©2010 Felleisen, Proulx, et. al.
Read through the documentation for Java Collections Framework library. Find how you can run the sorting algorithms defined there. Write a simple program that will test these algorithms and measure their timing in a manner similar to the last two labs.
Implement the heap-based priority queue algorithm as described in part 2 of Lab 11.
Now implement a simple variant of heapstort as follows:
In the first step insert the given data into your PriorityQueue, one item at a time.
In the second step, remove the data from your PriorityQueue and insert them into the resulting ArrayList, one at a time.
If you just add each item at the end, you will end up with a list ordered in descending order. If you wish to get the correct ordering, insert each item at the index 0.
For this problem finish the work on the first problem in Lab 11,
especially focusing on the set of questions and the answers you may
find by running the timing tests.
Add your implementation of the heapsort to
the sorting algorithms that will be measured. The skeleton for this is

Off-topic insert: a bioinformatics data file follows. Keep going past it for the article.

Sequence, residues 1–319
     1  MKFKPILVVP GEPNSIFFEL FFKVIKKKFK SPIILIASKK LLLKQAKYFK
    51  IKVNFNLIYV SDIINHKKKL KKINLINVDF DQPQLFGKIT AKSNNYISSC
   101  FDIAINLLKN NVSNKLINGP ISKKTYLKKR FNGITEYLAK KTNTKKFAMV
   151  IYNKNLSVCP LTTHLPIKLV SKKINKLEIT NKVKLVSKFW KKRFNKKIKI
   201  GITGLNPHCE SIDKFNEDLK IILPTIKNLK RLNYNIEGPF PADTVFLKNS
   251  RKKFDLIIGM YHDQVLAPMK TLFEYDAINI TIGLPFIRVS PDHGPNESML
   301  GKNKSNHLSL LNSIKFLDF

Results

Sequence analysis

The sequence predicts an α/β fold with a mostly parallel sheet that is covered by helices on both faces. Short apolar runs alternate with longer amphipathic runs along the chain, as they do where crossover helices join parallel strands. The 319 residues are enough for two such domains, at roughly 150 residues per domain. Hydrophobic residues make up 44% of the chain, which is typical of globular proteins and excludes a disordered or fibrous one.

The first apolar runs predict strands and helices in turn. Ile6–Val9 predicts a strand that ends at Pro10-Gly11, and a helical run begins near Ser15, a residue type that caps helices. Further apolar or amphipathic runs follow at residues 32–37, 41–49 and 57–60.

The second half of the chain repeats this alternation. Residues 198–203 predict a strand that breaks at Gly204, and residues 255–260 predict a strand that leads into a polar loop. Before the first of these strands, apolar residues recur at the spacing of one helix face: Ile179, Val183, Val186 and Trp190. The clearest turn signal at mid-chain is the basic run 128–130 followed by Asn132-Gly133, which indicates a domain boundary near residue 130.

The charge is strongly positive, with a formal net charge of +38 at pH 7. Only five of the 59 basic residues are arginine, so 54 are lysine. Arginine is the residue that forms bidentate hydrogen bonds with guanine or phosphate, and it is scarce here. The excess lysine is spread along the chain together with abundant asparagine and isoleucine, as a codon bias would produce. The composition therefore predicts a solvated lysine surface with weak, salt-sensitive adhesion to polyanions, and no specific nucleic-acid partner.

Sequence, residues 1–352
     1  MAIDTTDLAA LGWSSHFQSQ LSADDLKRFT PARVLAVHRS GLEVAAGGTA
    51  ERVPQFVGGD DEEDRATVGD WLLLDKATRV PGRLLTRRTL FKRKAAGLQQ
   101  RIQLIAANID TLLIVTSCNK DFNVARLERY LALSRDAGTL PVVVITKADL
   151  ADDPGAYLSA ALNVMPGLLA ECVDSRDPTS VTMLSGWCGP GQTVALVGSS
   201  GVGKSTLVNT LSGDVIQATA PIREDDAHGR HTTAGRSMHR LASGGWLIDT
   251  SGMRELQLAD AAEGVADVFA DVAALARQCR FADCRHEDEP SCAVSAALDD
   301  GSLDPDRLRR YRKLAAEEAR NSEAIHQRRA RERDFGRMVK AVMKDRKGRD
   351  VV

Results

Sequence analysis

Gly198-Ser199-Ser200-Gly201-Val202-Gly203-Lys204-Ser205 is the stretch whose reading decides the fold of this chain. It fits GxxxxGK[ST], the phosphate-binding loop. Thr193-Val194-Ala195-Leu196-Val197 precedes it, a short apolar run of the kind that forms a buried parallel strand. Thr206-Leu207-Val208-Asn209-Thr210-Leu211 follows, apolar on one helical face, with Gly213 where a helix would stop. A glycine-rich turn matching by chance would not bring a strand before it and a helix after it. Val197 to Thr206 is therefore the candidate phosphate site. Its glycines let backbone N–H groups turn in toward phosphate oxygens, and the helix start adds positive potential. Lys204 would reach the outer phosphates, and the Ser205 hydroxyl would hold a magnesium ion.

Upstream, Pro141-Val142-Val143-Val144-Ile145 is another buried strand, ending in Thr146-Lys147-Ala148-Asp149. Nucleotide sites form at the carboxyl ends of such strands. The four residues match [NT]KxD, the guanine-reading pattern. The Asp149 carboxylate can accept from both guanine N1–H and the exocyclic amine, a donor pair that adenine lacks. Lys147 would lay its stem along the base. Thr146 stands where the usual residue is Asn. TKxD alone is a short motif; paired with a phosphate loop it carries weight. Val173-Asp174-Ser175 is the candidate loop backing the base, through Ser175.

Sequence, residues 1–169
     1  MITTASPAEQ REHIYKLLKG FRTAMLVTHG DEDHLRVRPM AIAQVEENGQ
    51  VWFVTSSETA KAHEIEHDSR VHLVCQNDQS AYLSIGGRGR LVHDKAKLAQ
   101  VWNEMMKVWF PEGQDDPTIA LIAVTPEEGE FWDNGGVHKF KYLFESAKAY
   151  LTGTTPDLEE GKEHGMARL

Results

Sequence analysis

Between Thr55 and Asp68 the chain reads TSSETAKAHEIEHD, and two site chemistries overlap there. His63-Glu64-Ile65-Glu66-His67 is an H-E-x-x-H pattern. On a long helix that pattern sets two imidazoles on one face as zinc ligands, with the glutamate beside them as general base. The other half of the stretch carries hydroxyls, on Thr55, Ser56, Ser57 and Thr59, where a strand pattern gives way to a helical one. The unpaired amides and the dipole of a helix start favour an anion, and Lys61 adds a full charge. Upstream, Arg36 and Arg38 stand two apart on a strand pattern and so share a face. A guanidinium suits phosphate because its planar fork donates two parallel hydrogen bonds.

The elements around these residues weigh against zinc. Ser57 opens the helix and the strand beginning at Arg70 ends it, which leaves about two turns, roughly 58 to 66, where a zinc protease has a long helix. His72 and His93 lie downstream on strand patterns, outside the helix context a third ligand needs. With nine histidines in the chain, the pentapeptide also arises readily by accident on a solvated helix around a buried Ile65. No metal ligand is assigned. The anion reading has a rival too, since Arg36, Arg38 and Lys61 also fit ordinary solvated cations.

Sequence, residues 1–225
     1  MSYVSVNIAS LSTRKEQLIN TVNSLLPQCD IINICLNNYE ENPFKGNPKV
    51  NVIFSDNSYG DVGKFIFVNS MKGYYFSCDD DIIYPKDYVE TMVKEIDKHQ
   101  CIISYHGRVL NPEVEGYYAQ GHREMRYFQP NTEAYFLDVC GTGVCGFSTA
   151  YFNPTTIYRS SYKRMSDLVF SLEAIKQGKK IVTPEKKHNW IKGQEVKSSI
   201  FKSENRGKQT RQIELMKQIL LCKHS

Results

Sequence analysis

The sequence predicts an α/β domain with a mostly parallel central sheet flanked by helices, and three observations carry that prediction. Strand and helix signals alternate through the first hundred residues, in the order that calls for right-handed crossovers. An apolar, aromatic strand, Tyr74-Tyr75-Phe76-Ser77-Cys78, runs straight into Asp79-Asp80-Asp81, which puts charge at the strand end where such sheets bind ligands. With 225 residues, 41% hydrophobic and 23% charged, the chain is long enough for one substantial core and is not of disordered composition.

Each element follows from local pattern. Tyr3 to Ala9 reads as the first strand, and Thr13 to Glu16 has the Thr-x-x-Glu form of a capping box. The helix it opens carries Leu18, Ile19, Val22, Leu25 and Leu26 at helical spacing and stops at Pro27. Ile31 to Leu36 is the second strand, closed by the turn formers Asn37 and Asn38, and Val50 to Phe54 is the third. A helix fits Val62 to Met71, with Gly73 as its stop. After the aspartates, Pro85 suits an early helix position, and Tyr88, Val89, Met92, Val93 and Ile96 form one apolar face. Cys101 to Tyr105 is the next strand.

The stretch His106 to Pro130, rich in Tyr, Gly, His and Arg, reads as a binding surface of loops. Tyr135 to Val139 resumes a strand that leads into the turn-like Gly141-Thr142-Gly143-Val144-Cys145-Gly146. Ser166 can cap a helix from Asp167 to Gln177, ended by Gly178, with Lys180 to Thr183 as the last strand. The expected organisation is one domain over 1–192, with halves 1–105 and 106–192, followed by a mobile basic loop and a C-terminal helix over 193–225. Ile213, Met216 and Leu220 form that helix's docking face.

already in place.
Run the program a few times with small data sizes, to get familiar with what it can do. Then run experiments and try to answer the following questions:
Which algorithms run mostly in quadratic time, i.e. O(n2)?
Which algorithms run mostly in O(n.logn) time?
Which algorithms use the functional style, using Cons lists?
Which algorithm is the selection sort?
Why is there a difference when the algorithms use a different Comparator?
Copy the results into a spreadsheet. You may save the result portion in a text editor with a .csv suffix and open it in Excel (or some other spreadsheet of your choice). You can now study the data and represent the results as charts. Do so for at least three algorithms, where there is one of each — a quadratic algorithm and a linear-logarithmic algorithm.
Produce a report with a paragraph that explains what you learned, using the Excel charts to illustrate this.
Your report should have a professional look – typed, computer generated charts, reasonably organized. It does not have to be more than 2 pages long, one page is OK.